We had a wonderful trip – Portland is definitely a fun place. But the health-food hippie culture brought out Michal’s rebellious side – after finding out that the bar we were in was vegan, he asked for a steak…

But if you want eat chicken-with-a-name, sleep in until 11am, and live the 90s dream, Portland is the place to be.

Is It O.K.?

An earthquake in Nepal kills thousands of people. A pregnant, homeless young woman sits on the streets of New York City begging for change. A child in the Philippines loses her mother, and suddenly becomes the breadwinner for her four siblings.

Is it OK?
No.
It’s not OK. We live in a world full of situations that are not OK. They are so not OK that they are overwhelming. There are so many issues in our world, both at home and abroad, that need our attention – sometimes it all seems to be too much. What could I possibly do?
There is no simple answer. And I can’t pretend to have found a nice, neat solution. But I can do what I am good at. I can use my voice, my melodies and my stories to bring hope, to bring awareness, and to bring change, at least in one area for now, and hopefully more in the future.
is it ok2I wrote the song “Is it OK” about a very different issue – it is about me struggling with my personal dreams… is it OK for me to pursue my goals, is it OK for me have these gifts and not use them to their full potential? The song is me wrestling with who I am and my responsibilities in life.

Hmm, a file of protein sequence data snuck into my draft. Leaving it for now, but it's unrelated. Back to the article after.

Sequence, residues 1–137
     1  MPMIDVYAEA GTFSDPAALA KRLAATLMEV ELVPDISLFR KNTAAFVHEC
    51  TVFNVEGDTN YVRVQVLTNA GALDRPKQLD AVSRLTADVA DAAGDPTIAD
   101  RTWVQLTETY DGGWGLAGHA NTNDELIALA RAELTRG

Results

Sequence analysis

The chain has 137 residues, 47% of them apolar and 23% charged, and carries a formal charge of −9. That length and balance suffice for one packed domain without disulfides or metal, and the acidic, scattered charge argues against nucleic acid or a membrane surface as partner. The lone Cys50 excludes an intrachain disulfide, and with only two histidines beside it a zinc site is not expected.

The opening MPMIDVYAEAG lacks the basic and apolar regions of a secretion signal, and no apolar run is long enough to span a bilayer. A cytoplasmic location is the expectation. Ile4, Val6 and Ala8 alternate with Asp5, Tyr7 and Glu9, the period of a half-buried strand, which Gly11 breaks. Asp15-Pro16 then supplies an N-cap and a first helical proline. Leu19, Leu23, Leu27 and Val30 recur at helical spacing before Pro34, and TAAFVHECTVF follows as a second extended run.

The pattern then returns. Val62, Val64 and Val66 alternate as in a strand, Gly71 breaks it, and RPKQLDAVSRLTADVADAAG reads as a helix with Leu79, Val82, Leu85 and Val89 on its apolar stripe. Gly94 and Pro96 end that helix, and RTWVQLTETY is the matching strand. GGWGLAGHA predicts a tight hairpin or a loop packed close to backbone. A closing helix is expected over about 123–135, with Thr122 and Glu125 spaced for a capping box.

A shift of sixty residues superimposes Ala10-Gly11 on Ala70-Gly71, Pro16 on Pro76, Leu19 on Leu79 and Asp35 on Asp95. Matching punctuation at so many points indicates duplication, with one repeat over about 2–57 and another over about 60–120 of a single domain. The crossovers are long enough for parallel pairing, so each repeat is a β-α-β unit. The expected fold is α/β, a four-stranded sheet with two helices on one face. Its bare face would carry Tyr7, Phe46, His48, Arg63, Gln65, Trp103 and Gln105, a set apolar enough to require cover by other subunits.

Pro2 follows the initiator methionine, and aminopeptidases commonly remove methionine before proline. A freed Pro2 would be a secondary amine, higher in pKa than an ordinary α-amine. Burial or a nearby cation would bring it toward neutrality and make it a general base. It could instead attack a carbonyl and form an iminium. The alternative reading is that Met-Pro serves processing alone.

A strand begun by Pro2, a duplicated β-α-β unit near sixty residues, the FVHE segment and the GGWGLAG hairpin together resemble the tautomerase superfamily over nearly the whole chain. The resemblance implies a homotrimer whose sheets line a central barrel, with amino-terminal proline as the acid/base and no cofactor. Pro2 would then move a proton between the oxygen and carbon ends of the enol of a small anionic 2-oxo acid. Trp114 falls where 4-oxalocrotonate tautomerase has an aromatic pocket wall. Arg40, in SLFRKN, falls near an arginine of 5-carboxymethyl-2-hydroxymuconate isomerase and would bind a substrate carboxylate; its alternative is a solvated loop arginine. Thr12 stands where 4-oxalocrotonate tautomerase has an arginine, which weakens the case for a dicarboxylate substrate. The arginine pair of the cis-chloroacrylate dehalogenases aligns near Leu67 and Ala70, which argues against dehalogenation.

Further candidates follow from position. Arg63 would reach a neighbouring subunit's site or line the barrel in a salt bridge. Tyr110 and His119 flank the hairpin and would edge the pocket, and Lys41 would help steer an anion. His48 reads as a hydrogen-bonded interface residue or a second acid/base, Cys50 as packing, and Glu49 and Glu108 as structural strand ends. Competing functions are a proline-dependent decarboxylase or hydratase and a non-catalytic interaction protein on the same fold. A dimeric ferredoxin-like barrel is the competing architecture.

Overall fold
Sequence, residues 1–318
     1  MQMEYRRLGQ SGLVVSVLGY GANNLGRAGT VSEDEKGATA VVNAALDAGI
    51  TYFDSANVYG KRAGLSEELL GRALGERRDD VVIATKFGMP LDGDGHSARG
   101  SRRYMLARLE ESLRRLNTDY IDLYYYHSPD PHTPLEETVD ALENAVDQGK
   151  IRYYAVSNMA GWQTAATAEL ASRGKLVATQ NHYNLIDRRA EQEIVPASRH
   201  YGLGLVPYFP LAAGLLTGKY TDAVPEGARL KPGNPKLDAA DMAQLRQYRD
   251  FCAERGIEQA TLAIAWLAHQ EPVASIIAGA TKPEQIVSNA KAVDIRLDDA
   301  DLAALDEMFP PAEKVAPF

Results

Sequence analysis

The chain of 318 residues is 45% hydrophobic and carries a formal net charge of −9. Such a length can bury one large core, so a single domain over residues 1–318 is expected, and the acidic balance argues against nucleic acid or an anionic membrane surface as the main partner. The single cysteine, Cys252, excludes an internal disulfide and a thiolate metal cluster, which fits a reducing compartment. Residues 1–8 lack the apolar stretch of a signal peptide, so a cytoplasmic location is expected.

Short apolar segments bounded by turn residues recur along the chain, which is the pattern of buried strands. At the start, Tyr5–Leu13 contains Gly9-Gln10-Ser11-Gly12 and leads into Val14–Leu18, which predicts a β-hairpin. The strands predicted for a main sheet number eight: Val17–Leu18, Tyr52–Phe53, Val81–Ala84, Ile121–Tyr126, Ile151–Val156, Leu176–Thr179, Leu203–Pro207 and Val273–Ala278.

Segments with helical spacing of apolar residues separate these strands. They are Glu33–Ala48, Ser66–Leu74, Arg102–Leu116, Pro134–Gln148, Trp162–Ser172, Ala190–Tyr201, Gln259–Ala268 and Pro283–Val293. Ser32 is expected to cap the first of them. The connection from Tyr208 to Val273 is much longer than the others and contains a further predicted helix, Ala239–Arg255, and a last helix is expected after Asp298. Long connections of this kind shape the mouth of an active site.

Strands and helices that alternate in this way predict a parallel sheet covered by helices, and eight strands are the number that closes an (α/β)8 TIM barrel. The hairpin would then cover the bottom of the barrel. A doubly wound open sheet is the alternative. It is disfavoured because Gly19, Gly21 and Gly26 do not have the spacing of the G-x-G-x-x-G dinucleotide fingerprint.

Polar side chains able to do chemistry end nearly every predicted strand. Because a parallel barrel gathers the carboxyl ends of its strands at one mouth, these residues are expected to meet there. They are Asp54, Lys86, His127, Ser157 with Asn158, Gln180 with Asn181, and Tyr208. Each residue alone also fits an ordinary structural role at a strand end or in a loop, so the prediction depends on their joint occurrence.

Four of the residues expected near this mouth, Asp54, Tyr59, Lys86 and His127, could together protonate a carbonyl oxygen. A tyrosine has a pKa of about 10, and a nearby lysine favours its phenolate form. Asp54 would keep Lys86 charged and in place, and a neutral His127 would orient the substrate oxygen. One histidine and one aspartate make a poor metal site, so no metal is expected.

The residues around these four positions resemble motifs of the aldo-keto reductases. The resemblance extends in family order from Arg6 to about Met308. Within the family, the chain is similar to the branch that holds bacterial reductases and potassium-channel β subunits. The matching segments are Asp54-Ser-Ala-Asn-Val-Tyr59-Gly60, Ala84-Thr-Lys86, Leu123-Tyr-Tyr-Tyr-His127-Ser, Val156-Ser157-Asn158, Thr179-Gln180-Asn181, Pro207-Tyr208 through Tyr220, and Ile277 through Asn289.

But, as people have listened, the song has taken on a new meaning. And that meaning is found within the lyric: “Is it OK to retain such a colossal amount of gold and hold it in your hand for so long without letting go?” 
We hold gold. And I don’t mean cash. I mean all of our resources; our wisdom, time, networks, finances, relationships, experiences, talents… And it is not OK for us to hold onto that gold and keep it to ourselves, when our neighbours are suffering.
We shot this music video in partnership with a charity in the Philippines  who work to lift those who live on less than $0.50 out pf poverty (www.caremin.com). We have been telling the story of poverty for many years… and last year, we were trying to come up with a new, creative way to highlight what poverty looks like. So we decided to do “poverty in slow motion”.

When you shoot in slow motion, suddenly everything looks just incredible. So cinematic. The simplest, the most mundane things all of a sudden look extremely beautiful – someone blinking, a drop of water. And so when we were getting shots in the communities in the Philippines, everything looked spectacular.
But the unfortunate truth is, it actually doesn’t matter how you decide to shoot. At the end of the day, poverty is dehumanising, it is ugly, it is haunting. When you cut to the wide shots, the real time shots, the “reality”, it is then that you realise just how desperate these situations are: the flies, the rubbish, the insufficient food, the unstable shelter.
By presenting this stark contrast, we hope to shed some light on the reality of poverty.
It is not OK.
Please share if you believe that the level of global poverty is not OK. Lets not hold onto our gold; let’s share it, invest it, give it away, and make a change.

Louise Wright